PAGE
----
In financial terms, yield is used to describe a certain amount earned on a security, over a particular period of time. It refers to the interest or dividend earned on debt or equity, respectively, and is conventionally expressed annually as a percentage based on the current market value or face value of the security.

It is a major decision-making tool used both by companies and investors. It is a ratio that defines how much a company pays in dividends or interest to investors each year, relative to the purchase price of the security. In other words, it is a measure of the cash flow an investor is getting on the money invested.

**Calculation Of Yield**

Yield measures the cash flow an investor receives on the amount invested. It is usually computed on an annualized basis, though quarterly and monthly yields can be reported as well.

Generally, yield is calculated by dividing the dividends or interest received on a set period of time by either the amount originally invested or by its current price.

**Yield= Income (Dividend/Interest)/ Investment Value (Cost base)**

Example: Suppose, a person X invests Rs.100 per share in the securities of ABC Ltd for an annual return of Rs.10, and B, another person, invests Rs.200 in the securities of XYZ Ltd. and gets the same return as A, i.e. Rs.10. Here the yield of A and B is 10% & 5%. While both are earning the same amount, B is getting less return as he/she has invested a higher amount than A.

**Types Of Yield**

**Dividend Yield**

Dividend yield compares a company’s annual dividends to its share price. It is a popular method used by dividend investors, who prefer to take advantage of regular dividend payments. To calculate dividend yield, you’d divide the company’s annual dividend by its current share price.

For example, say shares of company XYZ are trading at Rs50 and it pays a dividend of Rs.2, the dividend yield is 4% (2/50 = 0.04).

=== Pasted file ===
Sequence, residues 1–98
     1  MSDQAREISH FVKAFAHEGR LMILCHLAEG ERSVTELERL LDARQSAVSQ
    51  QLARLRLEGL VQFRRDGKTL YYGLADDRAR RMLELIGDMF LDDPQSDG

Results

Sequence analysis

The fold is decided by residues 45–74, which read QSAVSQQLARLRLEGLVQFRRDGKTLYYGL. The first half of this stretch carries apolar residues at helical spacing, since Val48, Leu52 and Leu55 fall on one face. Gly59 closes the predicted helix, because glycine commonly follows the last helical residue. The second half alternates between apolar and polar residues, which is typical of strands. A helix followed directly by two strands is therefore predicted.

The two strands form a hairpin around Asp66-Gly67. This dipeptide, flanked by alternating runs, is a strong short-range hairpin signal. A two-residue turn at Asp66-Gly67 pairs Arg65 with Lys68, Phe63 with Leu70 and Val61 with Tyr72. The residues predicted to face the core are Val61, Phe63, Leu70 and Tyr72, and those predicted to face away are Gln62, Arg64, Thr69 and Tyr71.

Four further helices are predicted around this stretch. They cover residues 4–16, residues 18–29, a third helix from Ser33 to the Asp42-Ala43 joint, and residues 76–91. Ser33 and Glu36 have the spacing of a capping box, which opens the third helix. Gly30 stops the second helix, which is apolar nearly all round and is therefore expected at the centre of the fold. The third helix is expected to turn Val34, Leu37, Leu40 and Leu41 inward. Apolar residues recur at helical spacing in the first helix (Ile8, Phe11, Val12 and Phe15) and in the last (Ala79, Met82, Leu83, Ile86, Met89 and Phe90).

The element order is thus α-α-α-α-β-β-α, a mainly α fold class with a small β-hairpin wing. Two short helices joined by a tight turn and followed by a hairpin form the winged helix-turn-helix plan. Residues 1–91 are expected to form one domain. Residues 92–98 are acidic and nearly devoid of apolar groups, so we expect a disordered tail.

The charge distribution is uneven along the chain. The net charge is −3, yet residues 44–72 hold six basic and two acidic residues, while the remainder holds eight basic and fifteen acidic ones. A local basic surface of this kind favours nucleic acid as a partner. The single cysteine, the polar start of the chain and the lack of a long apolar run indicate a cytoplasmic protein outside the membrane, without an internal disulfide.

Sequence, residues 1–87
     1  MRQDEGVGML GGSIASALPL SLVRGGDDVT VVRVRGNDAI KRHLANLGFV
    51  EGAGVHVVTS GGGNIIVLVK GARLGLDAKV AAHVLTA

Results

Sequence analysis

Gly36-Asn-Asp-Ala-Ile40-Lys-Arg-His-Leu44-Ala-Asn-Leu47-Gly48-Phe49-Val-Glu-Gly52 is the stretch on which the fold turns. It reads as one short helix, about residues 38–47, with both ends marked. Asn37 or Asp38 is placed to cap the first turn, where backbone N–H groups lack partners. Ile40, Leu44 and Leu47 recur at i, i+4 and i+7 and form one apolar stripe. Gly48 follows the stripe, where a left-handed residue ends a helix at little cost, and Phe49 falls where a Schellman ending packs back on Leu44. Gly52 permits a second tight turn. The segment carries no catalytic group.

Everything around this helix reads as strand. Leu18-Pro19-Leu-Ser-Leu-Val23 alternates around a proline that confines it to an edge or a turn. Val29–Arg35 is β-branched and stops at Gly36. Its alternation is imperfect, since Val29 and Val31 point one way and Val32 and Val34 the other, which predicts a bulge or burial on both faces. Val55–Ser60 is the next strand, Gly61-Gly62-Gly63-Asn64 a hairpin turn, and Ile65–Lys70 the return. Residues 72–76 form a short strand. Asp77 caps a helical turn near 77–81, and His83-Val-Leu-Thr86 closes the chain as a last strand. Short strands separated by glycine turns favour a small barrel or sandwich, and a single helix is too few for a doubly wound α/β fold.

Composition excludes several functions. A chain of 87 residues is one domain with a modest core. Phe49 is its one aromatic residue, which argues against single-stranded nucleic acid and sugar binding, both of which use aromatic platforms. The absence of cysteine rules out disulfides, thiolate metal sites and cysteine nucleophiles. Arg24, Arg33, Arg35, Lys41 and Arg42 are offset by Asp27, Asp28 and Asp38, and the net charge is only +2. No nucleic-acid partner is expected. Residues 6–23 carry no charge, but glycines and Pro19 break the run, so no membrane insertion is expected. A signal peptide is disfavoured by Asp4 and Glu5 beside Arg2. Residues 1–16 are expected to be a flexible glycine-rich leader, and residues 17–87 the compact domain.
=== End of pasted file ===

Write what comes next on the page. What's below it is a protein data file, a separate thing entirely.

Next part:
**Stock Yield**

Stock yield measures the growth of an investment. It is a popular method among value investors, who look for stocks with strong growth potential.

There are two ways to measure stock yield – stock return and rate of return. Return is usually given as an amount of the current share price, rather than a percentage. For example, if the share price grows from Rs5 to Rs.6, the stock yield is Rs.1 (Rs6 – Rs.5 = 1).

The** **rate of return is given as a percentage; calculated by subtracting the starting value of the investment from its final value and then dividing the figure by the starting value. It is then multiplied by 100 to get the percentage value. For example, if the starting value is Rs.5000 and the final value is Rs.5650, the rate of return is 13% ([Rs.5650 – Rs.5000]/Rs.5000 x 100).

**Bond Yield**

Bond yield measures the return an investor realises on a bond. It can be calculated in multiple ways but is commonly given as either a percentage of the bond price when it is issued or a percentage of the current price of the bond. To calculate a bond’s yield using these methods, you’d divide the interest on the bond by your chosen price, and then multiply it by 100.

For example, a bond with the value of Rs.5000 that pays annual interest of Rs.100 would have a yield of 2% ([100/5000] x 100 = 2).